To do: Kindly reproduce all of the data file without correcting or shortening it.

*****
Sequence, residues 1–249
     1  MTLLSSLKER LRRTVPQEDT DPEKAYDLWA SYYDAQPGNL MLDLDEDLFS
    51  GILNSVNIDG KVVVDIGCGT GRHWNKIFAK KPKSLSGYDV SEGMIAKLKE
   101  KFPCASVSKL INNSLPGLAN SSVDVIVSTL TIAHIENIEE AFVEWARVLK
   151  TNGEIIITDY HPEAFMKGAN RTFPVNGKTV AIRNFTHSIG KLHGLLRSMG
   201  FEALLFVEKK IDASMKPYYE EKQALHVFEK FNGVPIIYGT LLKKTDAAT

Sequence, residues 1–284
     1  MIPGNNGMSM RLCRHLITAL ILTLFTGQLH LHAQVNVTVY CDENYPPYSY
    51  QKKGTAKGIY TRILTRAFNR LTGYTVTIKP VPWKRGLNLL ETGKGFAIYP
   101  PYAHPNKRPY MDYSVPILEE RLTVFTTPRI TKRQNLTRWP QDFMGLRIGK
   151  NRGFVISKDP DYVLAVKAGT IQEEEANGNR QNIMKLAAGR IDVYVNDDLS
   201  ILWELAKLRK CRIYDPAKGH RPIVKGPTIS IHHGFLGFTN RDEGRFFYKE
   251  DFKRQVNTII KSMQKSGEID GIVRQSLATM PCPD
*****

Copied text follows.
Sequence, residues 1–249
     1  MTLLSSLKER LRRTVPQEDT DPEKAYDLWA SYYDAQPGNL MLDLDEDLFS
    51  GILNSVNIDG KVVVDIGCGT GRHWNKIFAK KPKSLSGYDV SEGMIAKLKE
   101  KFPCASVSKL INNSLPGLAN SSVDVIVSTL TIAHIENIEE AFVEWARVLK
   151  TNGEIIITDY HPEAFMKGAN RTFPVNGKTV AIRNFTHSIG KLHGLLRSMG
   201  FEALLFVEKK IDASMKPYYE EKQALHVFEK FNGVPIIYGT LLKKTDAAT

Sequence, residues 1–284
     1  MIPGNNGMSM RLCRHLITAL ILTLFTGQLH LHAQVNVTVY CDENYPPYSY
    51  QKKGTAKGIY TRILTRAFNR LTGYTVTIKP VPWKRGLNLL ETGKGFAIYP
   101  PYAHPNKRPY MDYSVPILEE RLTVFTTPRI TKRQNLTRWP QDFMGLRIGK
   151  NRGFVISKDP DYVLAVKAGT IQEEEANGNR QNIMKLAAGR IDVYVNDDLS
   201  ILWELAKLRK CRIYDPAKGH RPIVKGPTIS IHHGFLGFTN RDEGRFFYKE
   251  DFKRQVNTII KSMQKSGEID GIVRQSLATM PCPD